Robert S. Corrington (2000). A Semiotic Theory of Theology and Philosophy. Cambridge University Press.
    The concern of this work is with developing an alternative to standard categories in theology and philosophy, especially in terms of how they deal with nature. Avoiding the polemics of much contemporary reflection on nature, it shows how we are connected to nature through the unconscious and its unique way of reading and processing signs. Spinoza's key distinction between natura naturans and natura naturata serves as the governing framework for the treatise. Suggestions are made for a post-Christian (...)
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  13.  11
    Taner Edis (2006). Science and Nonbelief. Greenwood Press.
    Provides an overview of the complex history of the secular tradition of science and its interactions with religions and spiritual traditions.
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  14. Thomas Mary Berry (1998). The Collected Thoughts of Thomas Berry. Center for the Story of the Universe.
    Where are we? -- How did we get here? -- The millennial vision -- Where do we go? -- Psychic energy -- The North American continent -- Governance -- The university -- The corporation -- Religion -- The historical mission of our time.
     
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  15. Nicodème Sako (2009). Comment Rendre Une Nation Puissante: Stratégies Pour le Pouvoir des Nations. Books on Demand Gmbh.
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  16.  7
    Samuel Fleischacker (2011). Divine Teaching and the Way of the World: A Defense of Revealed Religion. Oxford University Press.
    Introduction -- Part I. The way of the world I: truth -- Introductory -- Truth in the state of nature -- Socialized truth -- Experts and authorities -- Part II. The way of the world II: ethics -- Introductory -- Application -- Motivation -- Transformation -- Teleology -- Part III. Beyond the way of the world: worth -- Dissolving the question -- Dismissing the question -- Worth as attached to specific activities -- Worth as attached to general features of (...)
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  17.  26
    Aaron Stalnaker (2005). Comparative Religious Ethics and the Problem of “Human Nature”. Journal of Religious Ethics 33 (2):187-224.
    Comparative religious ethics is a complicated scholarly endeavor, striving to harmonize intellectual goals that are frequently conceived as quite different, or even intrinsically opposed. Against commonly voiced suspicions of comparative work, this essay argues that descriptive, comparative, and normative interests may support rather than conflict with each other, depending on the comparison in question, and how it is pursued. On the basis of a brief comparison of the early Christian Augustine of Hippo and the early Confucians Mencius and Xunzi (...)
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  18. N. J. Demerath, Peter Dobkin Hall, Terry Schmitt & Rhys H. Williams (eds.) (1998). Sacred Companies: Organizational Aspects of Religion and Religious Aspects of Organizations. Oxford University Press Usa.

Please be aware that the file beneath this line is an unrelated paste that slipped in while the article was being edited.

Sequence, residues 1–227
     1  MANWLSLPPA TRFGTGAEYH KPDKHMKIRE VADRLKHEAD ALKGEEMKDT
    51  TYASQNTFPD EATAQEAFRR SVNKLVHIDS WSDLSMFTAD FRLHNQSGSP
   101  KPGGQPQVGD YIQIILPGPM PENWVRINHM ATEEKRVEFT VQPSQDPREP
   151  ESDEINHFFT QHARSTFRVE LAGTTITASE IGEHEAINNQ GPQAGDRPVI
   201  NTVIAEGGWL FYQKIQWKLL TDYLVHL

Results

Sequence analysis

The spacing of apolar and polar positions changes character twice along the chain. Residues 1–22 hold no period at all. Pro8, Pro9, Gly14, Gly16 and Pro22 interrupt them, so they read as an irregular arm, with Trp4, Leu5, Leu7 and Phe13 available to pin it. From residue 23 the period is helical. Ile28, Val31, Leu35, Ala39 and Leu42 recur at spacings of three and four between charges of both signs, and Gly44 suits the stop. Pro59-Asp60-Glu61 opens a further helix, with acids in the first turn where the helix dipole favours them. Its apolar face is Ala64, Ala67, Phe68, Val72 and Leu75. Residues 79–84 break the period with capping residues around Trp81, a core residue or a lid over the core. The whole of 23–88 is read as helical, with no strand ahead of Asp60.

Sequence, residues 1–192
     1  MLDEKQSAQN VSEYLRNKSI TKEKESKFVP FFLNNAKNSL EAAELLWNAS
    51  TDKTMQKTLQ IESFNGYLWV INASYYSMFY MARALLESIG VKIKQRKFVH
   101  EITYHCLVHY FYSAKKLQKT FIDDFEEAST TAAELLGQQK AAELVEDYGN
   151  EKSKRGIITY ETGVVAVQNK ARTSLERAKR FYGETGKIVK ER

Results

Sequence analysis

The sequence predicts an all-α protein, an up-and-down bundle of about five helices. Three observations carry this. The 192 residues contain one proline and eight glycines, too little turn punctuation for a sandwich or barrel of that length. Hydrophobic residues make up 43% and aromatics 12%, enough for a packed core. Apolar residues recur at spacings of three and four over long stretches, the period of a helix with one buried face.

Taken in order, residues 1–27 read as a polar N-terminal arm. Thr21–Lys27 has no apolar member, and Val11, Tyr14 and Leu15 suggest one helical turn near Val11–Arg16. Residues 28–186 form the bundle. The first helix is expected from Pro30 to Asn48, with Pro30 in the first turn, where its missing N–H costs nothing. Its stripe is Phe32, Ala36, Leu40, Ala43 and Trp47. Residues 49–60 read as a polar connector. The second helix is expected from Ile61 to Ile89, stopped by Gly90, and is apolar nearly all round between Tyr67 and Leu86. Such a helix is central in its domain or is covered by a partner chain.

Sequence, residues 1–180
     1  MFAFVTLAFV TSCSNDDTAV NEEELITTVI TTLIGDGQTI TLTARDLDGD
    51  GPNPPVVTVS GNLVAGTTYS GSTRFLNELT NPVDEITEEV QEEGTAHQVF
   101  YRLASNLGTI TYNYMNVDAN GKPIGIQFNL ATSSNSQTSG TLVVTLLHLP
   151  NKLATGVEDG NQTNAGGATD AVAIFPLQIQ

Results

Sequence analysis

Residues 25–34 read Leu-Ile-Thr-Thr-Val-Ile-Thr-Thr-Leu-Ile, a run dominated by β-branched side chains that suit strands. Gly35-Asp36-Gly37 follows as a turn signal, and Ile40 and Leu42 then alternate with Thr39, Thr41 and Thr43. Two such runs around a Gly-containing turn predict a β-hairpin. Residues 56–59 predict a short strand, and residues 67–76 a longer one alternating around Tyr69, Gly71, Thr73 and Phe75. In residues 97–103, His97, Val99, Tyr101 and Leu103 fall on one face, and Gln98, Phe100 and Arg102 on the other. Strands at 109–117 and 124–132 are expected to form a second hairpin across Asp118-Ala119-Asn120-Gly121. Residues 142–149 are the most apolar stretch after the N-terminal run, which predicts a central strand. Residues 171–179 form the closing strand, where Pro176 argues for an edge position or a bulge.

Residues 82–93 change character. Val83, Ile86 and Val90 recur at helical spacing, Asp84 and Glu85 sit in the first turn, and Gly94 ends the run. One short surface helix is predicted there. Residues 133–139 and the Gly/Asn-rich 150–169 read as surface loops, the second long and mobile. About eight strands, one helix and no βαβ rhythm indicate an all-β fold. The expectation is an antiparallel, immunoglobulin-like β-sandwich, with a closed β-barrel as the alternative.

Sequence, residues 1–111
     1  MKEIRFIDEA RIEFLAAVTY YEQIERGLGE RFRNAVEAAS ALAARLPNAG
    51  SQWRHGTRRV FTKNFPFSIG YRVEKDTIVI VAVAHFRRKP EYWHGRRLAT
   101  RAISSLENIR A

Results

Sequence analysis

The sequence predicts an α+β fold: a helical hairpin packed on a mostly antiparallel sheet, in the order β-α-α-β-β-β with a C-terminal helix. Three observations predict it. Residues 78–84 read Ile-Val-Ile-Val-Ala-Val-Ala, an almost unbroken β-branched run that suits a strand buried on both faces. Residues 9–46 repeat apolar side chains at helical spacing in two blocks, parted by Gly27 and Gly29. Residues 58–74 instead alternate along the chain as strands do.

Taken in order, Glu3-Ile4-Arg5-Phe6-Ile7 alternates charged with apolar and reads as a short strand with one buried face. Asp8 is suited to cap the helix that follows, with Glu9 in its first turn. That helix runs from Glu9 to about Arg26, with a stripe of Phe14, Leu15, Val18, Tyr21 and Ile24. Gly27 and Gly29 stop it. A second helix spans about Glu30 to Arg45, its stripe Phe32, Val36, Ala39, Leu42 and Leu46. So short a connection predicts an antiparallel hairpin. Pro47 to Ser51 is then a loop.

Religion is intrinsically social, and hence irretrievably organizational, although organization is often seen as the darker side of the religious experience--power, routinization, and bureaucracy. Religion and secular organizations have long received separate scholarly scrutiny, but until now their confluence has been little considered. This interdisciplinary collection of mostly unpublished papers is the first volume to remedy the deficit. The project grew out of a three-year inquiry into religious institutions undertaken by Yale University's Program on Non-Profit Organizations and sponsored (...)
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  19.  36
    William James (1902). The Varieties of Religious Experience: A Study in Human Nature: Being the Gifford Lectures on Natural Religion Delivered at Edinburgh in 1901-1902. Dover Publications.
    After completing his monumental work, The Principles of Psychology, William James turned his attention to serious consideration of such important religious and philosophical questions as the nature and existence of God, immortality of the soul, and free will and determinism. His interest in these questions found expression in various works, including The Varieties of Religious Experience, his classic study of spirituality. Based on the prestigious Gifford Lectures on Natural Religion he gave at the University of Edinburgh in (...)
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  20.  37
    William James (2004). The Varieties of Religious Experience: A Study in Human Nature. Simon & Schuster.
    The culmination of William James' interest in the psychology of religion, The Varieties of Religious Experience approached the study of religious phenomena in a new way -- through pragmatism and experimental psychology. The most important effect of the publication of the Varieties was to shift the emphasis in this field of study from the dogmas and external forms of religion to the unique mental states associated with it. Explaining the book's intentions in a letter to a friend, James (...)
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  21.  29
    Willem B. Drees (ed.) (2003). Is Nature Ever Evil?: Religion, Science, and Value. Routledge.